BWIRE: It’s time to discuss viability and sustainability of the media


BWIRE: It's time to discuss viability and sustainability of the media
File image of video cameras at a media briefing. PHOTO| COURTESY

The World is marking the World Press Freedom Day, amidst mixed indicators on the state of media especially in Kenya.

The media environment has changed tremendous over the years, and both the business environment for the media industry and the professional obligations for journalists has changed.

Without going into specifics, a study to be released by the Media Council of Kenya shows that the industry must wake up, and find a different way of doing things: it can no longer be business as usual for players in the sector.

While the theme for the day is on media, elections and democracy, the more salient and urgent need for the industry is the viability and sustainability of the media, as it dawns on us the business models have changed.

The channels, formats, dissemination and way of collecting news has changed remarkably, because of technology, change in audience media content consumption habits, digital migration and changes in sources of accessing news/information nowadays.

The research by the MCK also in addition to showing how social media platforms have eaten big time into the traditional markets of media, broadcasting still leads in audiences, print is struggling and retains followers amongst the old and advertising revenues have dropped significantly, overall confidence and trust in media has gone down for various reasons including poor content, misleading advertisements, inappropriate content, insensitivity to audience cultures and betting promises that never matures.

In addition the issues raised, generally the working conditions for journalists especially in those media houses that have not developed proper human resources, financial and business models, quality of content is a major issue, as journalists are considered contractors or consultants thus cannot benefit from employee packages.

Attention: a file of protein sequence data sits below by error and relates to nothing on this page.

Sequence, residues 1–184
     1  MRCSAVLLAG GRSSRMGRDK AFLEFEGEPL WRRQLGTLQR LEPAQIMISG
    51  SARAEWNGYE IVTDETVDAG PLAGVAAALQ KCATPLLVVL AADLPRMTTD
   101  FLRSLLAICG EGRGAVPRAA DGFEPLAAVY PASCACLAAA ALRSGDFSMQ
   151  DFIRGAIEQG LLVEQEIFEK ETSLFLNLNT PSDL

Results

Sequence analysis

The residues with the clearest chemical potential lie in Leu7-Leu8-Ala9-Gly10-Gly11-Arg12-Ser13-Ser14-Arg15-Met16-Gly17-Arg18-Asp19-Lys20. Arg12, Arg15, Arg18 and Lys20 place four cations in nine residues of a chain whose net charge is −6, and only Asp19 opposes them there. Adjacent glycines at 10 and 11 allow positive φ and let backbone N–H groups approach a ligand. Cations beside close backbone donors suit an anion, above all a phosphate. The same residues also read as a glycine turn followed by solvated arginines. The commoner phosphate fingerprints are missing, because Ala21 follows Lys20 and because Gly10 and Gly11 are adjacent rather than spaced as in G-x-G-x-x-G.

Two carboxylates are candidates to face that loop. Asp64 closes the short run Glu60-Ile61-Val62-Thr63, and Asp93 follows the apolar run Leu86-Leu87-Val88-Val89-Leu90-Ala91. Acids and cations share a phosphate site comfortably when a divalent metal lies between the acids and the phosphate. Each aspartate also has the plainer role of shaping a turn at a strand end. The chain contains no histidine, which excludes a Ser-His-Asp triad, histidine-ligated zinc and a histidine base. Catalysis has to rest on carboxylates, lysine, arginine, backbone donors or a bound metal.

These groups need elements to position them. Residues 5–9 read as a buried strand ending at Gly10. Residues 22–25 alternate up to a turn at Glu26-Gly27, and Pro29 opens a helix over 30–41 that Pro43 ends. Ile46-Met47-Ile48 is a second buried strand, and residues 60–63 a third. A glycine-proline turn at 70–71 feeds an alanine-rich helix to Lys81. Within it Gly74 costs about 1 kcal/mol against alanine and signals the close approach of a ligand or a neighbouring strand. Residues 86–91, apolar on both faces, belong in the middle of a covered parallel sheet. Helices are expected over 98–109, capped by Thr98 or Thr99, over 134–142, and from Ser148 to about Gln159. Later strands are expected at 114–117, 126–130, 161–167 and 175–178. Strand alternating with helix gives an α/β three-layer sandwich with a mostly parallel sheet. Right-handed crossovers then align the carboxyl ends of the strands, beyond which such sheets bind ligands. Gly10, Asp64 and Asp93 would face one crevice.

Journalists go for several months without pay or facilitation to work and in most extreme cases, journalists are being forced to both collect news, and advertisements from the same sources.

In many cases the country has seen harassment of journalists and intensification of hostilities towards the media in Kenya especially from political party followers.

Many media houses have remained conservative and media regulators constantly issuing advisories while many players have designed skills development programmes and trainings that are largely targeted at cautioning them over the manner they ought to report on issues safely.

A number of them and regulators have issued guidelines on use of broadcast platforms, the radio and TVs, which among other things require that media owners and journalists wishing to join politics distance themselves from the stations 60 days to elections.

This was to cushion media bias and content being influenced. Guidelines exist on social media use to reinforce largely existing social media editorial guidelines by media houses.

Additionally, media houses through media owners, advertisers and interest groups are under great pressure to censor news from their outlets with in extreme cases, media owners deciding the guests to participate in talk shows and discussion programs on TV and radio.

It has become very difficult for some journalists from particular tribes, regions or media houses to cover some events or politicians lest they are harassed.

Media players in Kenya need to enhance and systematize knowledge on media sustainability by stimulating, identifying and aggregating knowledge and best-case studies that will generate a variety of practice-oriented information tools that can be used by the media industry in Kenya and Africa at large.

Given the reduced revenue base for media, media in Kenya need to invent ways and enhance their ability to operate without outside assistance, typically achieved by generating enough advertising revenue to maintain its day to day operations.

Several business models are applied in Kenya and a thriving media industry has emerged making several media outlets economically viable ensuring their long-term sustainability but also expansion to neighbouring countries.

Such models have relied on advertising, sponsorship, subscriptions, public funds, volunteer contributions, a combination of several of these, or on other new, innovative ways. It is important to recognise the importance of media sustainability especially at a time when old media business models are coming under strain due to changes caused by new technological developments and digital transformation in the media sector.

The Writer Works at the Media Council of Kenya

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